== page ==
Matthew Gralle — food taboos can be a way to maintain a group’s isolation and prevent intermarriage. After all, it is hard to marry a girl if you can’t have dinner at her house or invite her or her relatives to dine with you. And since both sex and eating are sensual pleasures one gets sort of cross activity insults such as asking someone who has been cursing or talking salaciously “Do you eat with the same mouth you talk with?” or crossing even more boundaries “Do you kiss your mother with that mouth?”

  22. Hi Pygmycory,

    “I feel like I’m living inside a mirage…”

    Good summary! I’ve felt that way for at least 30 years.

  23. Mister N, LaVey — that is to say, Howard Stanton Levey, the brilliant put-on artist who reinvented himself as Satan’s publicity agent and got the entire US media industry to take his made-up biography and parodic devil religion at face value* — borrowed the term “left-hand path” from occult writings of the Theosophical era and used it as part of his performance. It was a typically clever move.

    *Levey’s posturing got Jayne Mansfield to take off her clothes in his living room. Far stronger men have succumbed to feebler temptations.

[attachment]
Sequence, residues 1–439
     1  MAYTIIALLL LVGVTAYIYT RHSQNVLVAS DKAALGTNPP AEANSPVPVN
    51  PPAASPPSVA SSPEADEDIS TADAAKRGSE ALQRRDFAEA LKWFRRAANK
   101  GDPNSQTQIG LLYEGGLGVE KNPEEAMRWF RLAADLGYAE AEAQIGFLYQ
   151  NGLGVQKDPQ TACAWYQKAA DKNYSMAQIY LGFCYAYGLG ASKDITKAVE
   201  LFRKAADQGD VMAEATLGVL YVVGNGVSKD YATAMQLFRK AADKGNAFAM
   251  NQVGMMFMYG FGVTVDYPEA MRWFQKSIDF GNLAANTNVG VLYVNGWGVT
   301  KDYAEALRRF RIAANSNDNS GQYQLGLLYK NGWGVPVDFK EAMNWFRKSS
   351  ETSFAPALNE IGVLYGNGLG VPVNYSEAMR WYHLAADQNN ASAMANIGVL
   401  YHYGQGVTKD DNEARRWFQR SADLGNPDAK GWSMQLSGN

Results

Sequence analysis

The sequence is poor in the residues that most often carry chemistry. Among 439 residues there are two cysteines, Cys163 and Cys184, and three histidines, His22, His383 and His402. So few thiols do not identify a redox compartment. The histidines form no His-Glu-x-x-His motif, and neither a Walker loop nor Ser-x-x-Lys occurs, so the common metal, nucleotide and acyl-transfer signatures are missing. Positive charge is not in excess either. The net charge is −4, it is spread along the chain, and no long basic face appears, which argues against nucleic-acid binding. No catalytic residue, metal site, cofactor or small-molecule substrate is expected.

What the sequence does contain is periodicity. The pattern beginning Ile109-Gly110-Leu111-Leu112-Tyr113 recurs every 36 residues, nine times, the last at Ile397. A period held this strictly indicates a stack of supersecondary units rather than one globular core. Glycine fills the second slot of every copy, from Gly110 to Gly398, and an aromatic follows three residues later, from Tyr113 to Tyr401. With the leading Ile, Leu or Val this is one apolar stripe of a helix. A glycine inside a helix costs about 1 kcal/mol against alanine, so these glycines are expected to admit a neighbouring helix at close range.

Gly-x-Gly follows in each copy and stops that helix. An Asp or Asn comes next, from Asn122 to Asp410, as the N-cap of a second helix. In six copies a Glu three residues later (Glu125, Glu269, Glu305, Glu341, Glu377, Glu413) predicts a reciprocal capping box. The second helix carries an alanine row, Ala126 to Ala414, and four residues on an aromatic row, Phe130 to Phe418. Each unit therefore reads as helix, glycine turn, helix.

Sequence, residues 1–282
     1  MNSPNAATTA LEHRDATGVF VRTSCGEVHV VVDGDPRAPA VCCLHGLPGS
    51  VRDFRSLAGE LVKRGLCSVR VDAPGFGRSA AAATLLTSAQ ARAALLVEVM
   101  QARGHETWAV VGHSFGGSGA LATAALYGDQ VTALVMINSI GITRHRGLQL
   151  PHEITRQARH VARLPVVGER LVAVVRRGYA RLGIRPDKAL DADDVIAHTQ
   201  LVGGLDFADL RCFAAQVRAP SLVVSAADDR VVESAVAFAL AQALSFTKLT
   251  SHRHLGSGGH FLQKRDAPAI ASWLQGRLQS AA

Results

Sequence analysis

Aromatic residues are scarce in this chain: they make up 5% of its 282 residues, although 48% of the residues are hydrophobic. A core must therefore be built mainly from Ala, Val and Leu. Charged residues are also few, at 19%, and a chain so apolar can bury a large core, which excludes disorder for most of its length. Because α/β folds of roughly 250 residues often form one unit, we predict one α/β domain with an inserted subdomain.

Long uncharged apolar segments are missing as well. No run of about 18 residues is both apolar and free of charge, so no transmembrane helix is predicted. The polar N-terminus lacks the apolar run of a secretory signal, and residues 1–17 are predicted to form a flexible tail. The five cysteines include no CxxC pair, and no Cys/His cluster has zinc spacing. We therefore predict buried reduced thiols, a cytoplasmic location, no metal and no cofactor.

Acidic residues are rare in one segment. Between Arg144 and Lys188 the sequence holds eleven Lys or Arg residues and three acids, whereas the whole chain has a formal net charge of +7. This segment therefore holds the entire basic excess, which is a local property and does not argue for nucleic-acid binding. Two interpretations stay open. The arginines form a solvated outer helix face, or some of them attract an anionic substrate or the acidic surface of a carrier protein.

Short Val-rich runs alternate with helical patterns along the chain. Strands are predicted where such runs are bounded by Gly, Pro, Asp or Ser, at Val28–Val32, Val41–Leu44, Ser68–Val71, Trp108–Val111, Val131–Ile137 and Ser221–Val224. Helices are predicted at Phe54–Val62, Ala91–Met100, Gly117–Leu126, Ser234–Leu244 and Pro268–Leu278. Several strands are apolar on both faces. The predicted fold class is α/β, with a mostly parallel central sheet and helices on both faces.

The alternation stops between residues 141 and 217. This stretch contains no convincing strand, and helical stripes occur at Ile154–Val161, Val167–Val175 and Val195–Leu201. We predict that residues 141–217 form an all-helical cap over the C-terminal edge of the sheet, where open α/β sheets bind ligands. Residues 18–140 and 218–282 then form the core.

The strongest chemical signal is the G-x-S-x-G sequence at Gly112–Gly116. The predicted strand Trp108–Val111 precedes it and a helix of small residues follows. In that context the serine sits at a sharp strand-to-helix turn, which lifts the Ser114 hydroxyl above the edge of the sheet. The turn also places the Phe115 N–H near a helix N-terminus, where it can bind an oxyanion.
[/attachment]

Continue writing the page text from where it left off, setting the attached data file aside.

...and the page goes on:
Renaissance, two good clean shots straight in the bull’s-eye. Yes, exactly; the benefit of melting down over people using Bad Words is the same for social justice advocates as it was for Victorian moralists — talk is cheap, outrage is cheaper, and the competitive sport of finding ever more subtle microaggressions, nanoaggressions, picoaggressions, etc. makes a very easy substitute for actually changing anything. As for magic, the fine art of making excuses for failure is unfortunately widespread across the spectrum of occultism; we’ll see competent magic again when more mages admit to their failures, and then learn from them.

    Scotlyn, I ain’t arguing.

    Bryan, you’re welcome and thank you. I wondered if anyone would catch that reference!

    Deborah, interesting. I’m glad to hear that.